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Roku wants to show you ads whenever you press pause

Published Apr 4th, 2024 8:25PM EDT
Roku TV.
Image: Roku

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Did you ever see that episode of Black Mirror set in a dystopian world where people live in small rooms covered in screens that force them to watch advertisements at regular intervals? Well, we appear to be well on our way to making that nightmare a reality, as a recent patent filing from TV and streaming device maker Roku shows that the company is developing technology that would allow it to put ads on the screen any time you press pause.

As spotted by Janko Roettgers, writer of the Lowpass newsletter, Roku filed a patent in 2023 for technology that can inject ads into third-party content using an HDMI connection.

As Roettgers notes, ads and services are Roku’s bread and butter. Its cheap TVs actually lose money, but the all the ads and services those customers end up seeing and using generated a gross profit of over $1.5 billion for the company in 2023.

In fact, Roku’s screensaver ads are so valuable to the company that third-party developers are not allowed to integrate their own screensavers into their apps.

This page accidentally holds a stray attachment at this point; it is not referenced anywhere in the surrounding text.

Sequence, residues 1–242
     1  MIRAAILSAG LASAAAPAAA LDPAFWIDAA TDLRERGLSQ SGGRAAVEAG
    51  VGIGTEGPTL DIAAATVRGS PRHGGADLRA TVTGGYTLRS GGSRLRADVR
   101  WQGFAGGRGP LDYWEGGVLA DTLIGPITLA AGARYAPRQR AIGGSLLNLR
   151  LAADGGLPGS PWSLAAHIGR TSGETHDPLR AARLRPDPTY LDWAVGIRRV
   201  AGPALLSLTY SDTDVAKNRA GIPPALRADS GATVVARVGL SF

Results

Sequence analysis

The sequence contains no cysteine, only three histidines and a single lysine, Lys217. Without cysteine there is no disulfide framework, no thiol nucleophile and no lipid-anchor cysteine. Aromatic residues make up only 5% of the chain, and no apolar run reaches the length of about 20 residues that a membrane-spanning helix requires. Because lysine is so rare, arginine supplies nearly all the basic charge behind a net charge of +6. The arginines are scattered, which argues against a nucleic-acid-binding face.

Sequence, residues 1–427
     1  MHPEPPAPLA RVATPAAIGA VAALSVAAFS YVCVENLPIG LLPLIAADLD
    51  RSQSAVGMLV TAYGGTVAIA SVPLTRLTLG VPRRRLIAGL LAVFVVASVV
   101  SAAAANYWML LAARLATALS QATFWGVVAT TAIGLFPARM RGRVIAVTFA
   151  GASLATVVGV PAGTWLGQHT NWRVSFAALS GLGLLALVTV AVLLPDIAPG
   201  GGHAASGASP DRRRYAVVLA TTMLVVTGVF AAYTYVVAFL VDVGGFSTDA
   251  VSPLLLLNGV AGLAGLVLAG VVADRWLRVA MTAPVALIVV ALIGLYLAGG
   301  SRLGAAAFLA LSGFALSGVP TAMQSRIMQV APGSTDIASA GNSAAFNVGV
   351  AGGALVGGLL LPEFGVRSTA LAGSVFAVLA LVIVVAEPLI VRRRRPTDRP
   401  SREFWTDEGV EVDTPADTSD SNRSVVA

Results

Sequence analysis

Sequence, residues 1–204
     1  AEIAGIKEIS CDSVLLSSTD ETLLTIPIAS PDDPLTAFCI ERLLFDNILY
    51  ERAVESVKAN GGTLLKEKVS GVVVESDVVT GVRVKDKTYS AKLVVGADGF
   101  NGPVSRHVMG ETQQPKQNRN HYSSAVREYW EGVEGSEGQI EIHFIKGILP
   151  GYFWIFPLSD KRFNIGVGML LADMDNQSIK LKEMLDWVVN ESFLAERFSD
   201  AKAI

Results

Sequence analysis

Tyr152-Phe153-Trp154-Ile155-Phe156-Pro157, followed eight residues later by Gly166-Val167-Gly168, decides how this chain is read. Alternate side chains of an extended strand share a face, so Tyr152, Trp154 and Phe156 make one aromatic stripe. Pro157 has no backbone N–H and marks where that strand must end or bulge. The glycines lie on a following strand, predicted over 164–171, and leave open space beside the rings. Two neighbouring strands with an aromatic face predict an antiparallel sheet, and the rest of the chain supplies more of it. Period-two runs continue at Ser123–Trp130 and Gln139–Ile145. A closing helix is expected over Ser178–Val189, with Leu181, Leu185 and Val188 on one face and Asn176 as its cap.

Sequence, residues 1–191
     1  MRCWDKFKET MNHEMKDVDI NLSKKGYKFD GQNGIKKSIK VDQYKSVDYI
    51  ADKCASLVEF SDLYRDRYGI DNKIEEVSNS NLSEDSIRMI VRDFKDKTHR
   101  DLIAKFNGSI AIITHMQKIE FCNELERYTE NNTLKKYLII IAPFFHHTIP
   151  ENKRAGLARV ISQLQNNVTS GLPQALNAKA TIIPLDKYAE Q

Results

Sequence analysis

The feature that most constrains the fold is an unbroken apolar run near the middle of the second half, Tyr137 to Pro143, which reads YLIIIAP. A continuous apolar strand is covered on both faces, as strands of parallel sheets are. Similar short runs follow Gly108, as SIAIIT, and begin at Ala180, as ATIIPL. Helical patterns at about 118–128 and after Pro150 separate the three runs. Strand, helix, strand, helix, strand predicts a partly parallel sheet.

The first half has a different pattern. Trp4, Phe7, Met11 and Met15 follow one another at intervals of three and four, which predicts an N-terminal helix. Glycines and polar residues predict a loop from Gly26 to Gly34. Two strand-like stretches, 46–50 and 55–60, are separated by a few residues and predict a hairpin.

One of the only times when Roku can’t serve users ads is when they switch over to any external device. For instance, if you connect a Switch, a PS5, or an Apple TV to your Roku TV, there’s no way for Roku to show you any ads while you use those devices.

At least, there’s no way for Roku to show you any ads yet.

The technology Roku describes in the patent would be able to monitor the video signal when a user is watching a movie or playing a game on an external device. The system would be able to detect when the content is paused, recognize the content by grabbing the frame, and then serve up a relevant ad on the screen until the user hits play again.

So, let’s say you are playing Super Mario Bros. Wonder on your Nintendo Switch and pause the game to go grab a snack. When you come back, you might see an ad for a Switch accessory or another Mario title on the screen, overlaid on top of your game.

Whether or not this technology ever sees the light of day remains to be seen. We cover patents all the time, and plenty of them never result in an actual product or service. That said, this would clearly drive even more profits for Roku, so we imagine it’s only a matter of time before technology like this ends up on our TVs in some form or fashion.

Jacob Siegal
Jacob Siegal Associate Editor

Jacob Siegal is Associate Editor at BGR, having joined the news team in 2013. He has over a decade of professional writing and editing experience, and helps to lead our technology and entertainment product launch and movie release coverage.